There was a hand.
Sounds a bit like the start of a horror story doesn't it? Actually though, this hand helped me up when I was feeling down and worthless; it helped me conquer my troubles and fears. This hand was my saviour, and would always be there when I needed it. Little did I know how dependant I had become.
Of course, I am not going to give you some demented episode of the Adams family. No, this hand was in fact connected to an arm, which was in fact connected to a head and a body. This was my Dad, patiently pulling me up the hill on my excuse for a bike. I'll admit that it must have been a hard thing for him to do, to go out of his way to help his poor child not wanting to work up the slope facing her. Nevertheless, he would pull me up as patiently as he could; always trying to encourage me that I was capable of going up on my own. But no, he had already acted; he had already put his hand on the handlebars and pulled me up halfway. If he broke his promise, if he took his hand (that I was totally reliant of) off the handlebars, I would refuse to even look at my bike. I would throw it away whilst screaming the poor head off me.
That right there is a short story of on and off relationship with my bike. Actually, it probably wasn't even on-we were enemies from the start. I hated it, and if the bike could think and feel the pain every time I threw it away I'd be certain that it wouldn't even hate me. It would have a deep repulsive loathing growing inside of it until it would eventually get the courage to kill me.
However, it wasn't like there was even much use for it anyway. The tires would always go flat and I was still at that trainer wheel stage-It was just as efficient as walking.
This all changed on my sixth birthday, the day I got my "proper" bike. Like a fair number of other six year old girls, it was bright pink and purple, gleaming tires and colourful streamers coming down the sides. However, I was not in heaven and did not love the look of that bike. One big step up, it only had two wheels.
To get used to it, I rode it around on the park opposite my house. My Dad's hand was pulling me along obviously, but as soon as he would let go-BANG! I would fall over (that BANG, indicated the sound of my head if I was riding on the pavement). I'd not owned this new bike for long, but I was starting to feel that repulsive loathing that my old bike would have thought of me.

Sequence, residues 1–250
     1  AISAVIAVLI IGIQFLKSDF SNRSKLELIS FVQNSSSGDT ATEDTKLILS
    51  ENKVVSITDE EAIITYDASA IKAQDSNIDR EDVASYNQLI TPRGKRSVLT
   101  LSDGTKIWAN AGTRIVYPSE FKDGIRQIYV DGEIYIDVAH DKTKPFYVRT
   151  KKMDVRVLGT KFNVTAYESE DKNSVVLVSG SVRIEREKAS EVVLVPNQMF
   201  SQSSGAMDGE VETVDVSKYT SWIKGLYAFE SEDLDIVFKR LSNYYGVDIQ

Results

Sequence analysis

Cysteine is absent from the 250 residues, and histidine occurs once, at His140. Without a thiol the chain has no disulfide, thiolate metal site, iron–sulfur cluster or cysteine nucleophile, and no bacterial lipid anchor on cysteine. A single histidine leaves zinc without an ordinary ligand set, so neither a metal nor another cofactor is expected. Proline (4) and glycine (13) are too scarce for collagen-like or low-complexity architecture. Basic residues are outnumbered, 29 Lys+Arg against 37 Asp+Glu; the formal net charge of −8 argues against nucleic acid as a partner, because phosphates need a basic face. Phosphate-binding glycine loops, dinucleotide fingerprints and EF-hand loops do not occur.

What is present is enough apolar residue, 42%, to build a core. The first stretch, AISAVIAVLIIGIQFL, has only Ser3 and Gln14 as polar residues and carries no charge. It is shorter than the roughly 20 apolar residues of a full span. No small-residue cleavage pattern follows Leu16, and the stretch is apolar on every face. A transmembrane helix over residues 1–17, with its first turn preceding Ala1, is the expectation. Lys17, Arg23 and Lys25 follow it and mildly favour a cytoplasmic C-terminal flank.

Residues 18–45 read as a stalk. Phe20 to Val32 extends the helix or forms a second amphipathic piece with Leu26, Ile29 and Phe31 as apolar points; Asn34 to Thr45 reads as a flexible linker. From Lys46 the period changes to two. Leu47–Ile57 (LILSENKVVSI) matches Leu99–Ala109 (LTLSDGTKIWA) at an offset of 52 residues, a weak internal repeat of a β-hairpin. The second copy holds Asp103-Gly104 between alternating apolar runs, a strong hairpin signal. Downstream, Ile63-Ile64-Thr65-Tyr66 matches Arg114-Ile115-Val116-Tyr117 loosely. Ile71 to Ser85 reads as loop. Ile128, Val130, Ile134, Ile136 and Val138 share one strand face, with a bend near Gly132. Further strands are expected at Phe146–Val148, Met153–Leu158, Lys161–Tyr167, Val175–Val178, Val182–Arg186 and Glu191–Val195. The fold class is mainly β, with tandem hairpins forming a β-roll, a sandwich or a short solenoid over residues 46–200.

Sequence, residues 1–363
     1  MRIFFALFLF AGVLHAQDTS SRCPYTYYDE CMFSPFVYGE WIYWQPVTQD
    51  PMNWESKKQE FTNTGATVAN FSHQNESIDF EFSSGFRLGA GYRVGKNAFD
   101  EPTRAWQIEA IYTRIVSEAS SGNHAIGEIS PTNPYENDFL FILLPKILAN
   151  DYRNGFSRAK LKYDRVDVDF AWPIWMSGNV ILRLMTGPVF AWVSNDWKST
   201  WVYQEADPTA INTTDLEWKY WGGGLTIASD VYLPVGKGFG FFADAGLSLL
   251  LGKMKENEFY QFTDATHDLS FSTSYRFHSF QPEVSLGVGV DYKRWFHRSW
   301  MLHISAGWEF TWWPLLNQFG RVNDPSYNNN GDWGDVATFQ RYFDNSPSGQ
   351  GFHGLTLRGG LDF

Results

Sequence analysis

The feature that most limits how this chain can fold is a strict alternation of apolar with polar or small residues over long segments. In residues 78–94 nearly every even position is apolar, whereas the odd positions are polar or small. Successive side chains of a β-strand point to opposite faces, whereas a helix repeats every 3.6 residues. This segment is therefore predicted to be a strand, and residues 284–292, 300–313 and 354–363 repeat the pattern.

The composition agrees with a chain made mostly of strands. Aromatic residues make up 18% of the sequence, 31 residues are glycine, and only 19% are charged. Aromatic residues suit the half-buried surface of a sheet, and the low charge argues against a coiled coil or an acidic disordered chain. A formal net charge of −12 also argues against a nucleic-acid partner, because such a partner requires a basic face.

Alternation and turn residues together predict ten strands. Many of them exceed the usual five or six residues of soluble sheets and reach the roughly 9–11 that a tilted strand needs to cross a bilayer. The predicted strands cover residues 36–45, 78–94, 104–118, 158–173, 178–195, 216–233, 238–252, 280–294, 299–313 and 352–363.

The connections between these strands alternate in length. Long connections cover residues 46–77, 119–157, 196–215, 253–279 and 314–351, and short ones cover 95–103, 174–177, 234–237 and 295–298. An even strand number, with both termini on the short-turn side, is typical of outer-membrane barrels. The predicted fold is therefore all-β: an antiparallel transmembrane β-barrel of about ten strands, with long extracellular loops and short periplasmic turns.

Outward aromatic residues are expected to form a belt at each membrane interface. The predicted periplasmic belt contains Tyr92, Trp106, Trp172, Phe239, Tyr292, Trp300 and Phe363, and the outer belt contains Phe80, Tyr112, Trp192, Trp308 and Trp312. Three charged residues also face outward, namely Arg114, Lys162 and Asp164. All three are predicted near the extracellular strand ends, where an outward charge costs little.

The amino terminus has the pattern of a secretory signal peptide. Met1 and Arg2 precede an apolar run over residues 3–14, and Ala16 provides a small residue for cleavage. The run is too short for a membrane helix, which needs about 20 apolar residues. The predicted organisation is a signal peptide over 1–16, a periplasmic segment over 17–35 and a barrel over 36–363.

This bike though, had great tires so it was a lot quicker than walking. Especially down hills. This was probably the biggest problem, as my dad would not be able to keep a hand on my bike downhill as much as going up. I couldn't even refuse, as it was the time of year where we would have the family holiday in Rottnest.
Rottnest, is the land of holidayers. There are about 5 people who
live there, and they would come and go in 6 month shifts. Then,
there is about 20, 000 people on holiday, whether they come from
Perth, Brisbane or Japan. Personally, I loved to go to Rottnest.
It was a tiny island on the banks of the west coast, surrounded
by white sand beaches and quokkas and peacocks all over the
place. The only problem was, that no-one is allowed to drive
cars. So guess how the holidayers would transport?
On the first day of our holiday, my Dad decided to rent me a smaller bike, as the one he had got me was miles too big. It still had only two wheels, but I was feeling pretty confident that with this Bike. I would be invincible and no-one could bring me down (With my dad beside me of course.)
I'd say my confidence lasted about an hour. During this hour I hadn't even ridden the bike, just looked at it from a distance. Though the second I got on, I knew that something bad was going to happen.
And… I was right. That day, we decided to go riding to by far, the best beach on the island- the Basin. The pathway there was all downhill.
I will admit that I did throw a bit of a tantrum. But whinge all I wanted, I would still have to go down myself. I was such a stubborn and stuck up kid, I didn't bother walking my bike all the way down. I walked it down halfway to the Police station and cried until someone came to ask what was wrong. Since this was a small place, and since the police probably had nothing better to do, they went along and called up my Dad. He had to go and collect me from the station, where they lectured him about child neglect and keeping responsibility for your child. To this day, I can't help but smile. Parents will get all the blame, when really; I think it is Parent neglect that the Police should be worried about.